- Social Studies
From a rustic post-Revolutionary War settlement hugging the swampy banks of the Potomac to today's politically charged metropolis, Washington, DC, has been the backdrop for some of the nation's most important history. But there's way more to the capital than just stone monuments and political hustle and bustle.
District Comics tours some of DC's lesser-known moments, with stops along the way for a duel, a drink in the Senate speakeasy, a shoeshine, and much more. These are the stories you otherwise might never hear, featuring some of the city's most captivating characters - from printers and police officers to pandas and punks. And, of course, a few politicians.
Comprehension and Collaboration - Tour the Monuments
Now, choose your favorite monument, and using what you've learned in the fact sheet about each monument, design a 4- or 6-panel comic strip to detail the history associated with the monument. You might need to do a little more research to bring the characters to live, or to uncover even more exciting stories associated with the monument. Think "Action!" - that's the key to making your comic come alive.
Craft and Structure - Live Action Reporting
In "Burn, Washington, Burn!", Dolley Madison had to respond quickly to protect several important works of art, including an important painting of George Washington when the British army advanced on DC, intent on burning the city and the White House with it.
The comic form is one way of telling this story. In a recent blogpost, Maryland state archeologists tell the story in another way - like a live-action report, complete with illustrations and photos.
Compare and contrast the amount of information you read in each type of text - which do you think tells the story most effectively? How about most accurately? And which do you think you'll remember most clearly? Why?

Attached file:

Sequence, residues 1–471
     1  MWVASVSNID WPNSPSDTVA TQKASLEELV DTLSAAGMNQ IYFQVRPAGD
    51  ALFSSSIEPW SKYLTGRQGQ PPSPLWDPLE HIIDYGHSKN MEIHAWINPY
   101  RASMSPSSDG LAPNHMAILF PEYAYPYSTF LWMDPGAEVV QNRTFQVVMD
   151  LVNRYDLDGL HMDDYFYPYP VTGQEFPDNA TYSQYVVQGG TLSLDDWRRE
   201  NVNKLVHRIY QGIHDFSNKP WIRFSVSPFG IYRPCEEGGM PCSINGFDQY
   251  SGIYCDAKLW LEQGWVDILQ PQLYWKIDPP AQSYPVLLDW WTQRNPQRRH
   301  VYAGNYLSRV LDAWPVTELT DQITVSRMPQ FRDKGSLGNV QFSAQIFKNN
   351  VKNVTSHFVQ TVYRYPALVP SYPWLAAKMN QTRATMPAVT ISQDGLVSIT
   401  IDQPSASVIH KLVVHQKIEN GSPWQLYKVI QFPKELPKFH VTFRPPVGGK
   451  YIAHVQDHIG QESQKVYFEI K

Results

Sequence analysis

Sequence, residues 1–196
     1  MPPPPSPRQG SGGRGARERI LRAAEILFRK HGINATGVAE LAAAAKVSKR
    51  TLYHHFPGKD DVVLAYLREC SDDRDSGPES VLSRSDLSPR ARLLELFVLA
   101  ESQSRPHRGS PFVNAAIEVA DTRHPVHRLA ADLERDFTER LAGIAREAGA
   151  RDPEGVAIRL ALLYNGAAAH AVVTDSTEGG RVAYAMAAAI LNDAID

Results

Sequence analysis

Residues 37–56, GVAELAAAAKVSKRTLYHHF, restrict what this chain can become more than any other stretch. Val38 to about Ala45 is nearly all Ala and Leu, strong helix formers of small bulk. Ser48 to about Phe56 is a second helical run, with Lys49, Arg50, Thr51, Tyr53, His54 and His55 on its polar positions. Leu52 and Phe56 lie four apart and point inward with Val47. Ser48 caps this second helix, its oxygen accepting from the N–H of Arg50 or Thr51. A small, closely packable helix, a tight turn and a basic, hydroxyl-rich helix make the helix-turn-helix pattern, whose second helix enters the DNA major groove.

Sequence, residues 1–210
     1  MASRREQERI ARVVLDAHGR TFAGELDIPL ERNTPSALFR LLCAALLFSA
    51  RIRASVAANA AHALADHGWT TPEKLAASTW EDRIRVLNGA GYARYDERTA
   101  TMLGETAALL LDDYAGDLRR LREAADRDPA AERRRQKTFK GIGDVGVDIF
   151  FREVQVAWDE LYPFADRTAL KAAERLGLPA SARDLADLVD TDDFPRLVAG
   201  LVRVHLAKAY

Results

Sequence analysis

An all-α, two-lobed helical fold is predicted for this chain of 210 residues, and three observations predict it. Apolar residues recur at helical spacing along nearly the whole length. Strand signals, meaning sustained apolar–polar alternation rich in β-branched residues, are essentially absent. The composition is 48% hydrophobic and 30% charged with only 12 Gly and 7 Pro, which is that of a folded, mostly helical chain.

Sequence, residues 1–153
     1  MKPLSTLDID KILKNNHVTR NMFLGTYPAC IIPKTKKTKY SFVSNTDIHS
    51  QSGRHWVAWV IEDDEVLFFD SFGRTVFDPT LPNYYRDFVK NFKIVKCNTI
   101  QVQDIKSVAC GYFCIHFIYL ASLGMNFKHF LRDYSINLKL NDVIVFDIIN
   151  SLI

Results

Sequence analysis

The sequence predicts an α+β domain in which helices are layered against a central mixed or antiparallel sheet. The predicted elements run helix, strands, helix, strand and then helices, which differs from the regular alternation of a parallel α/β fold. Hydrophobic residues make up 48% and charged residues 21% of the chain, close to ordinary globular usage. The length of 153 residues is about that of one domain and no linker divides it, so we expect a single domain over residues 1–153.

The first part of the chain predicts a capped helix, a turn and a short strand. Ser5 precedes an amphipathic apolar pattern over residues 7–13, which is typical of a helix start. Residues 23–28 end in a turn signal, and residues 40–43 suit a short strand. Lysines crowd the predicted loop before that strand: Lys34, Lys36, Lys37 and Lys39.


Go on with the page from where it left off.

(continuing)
Integration of Knowledge and Ideas - a Broader View
District Comics focuses on the history of one specific area over many years. For a look at what was happening elsewhere during those times, check out these videos from the Smithsonian Institution (the world's largest museum, which happens to be in Washington DC):
- A video on one of the most famous relics from the War of 1812 (that just happened to inspire our national anthem)
- A video about the nation's cemetery, where members of the armed services from the Revolutionary War through present day are buried
- A video about secrets, spies, and mysteries
- A video about World War II, as it looked in Europe
Take one story, or one point in time, found in District Comics and use it to launch a research project for a time or event that made an impact somewhere outside of Washington DC. Was it a war? Was it a Civil Rights movement? Was it the start of a new, exciting kind of music?
Now, find a way YOU want to tell the story. You can write a paper, film a short video, or write a song to commemorate the event. If you're interested in the history, tell it in a way that interests you!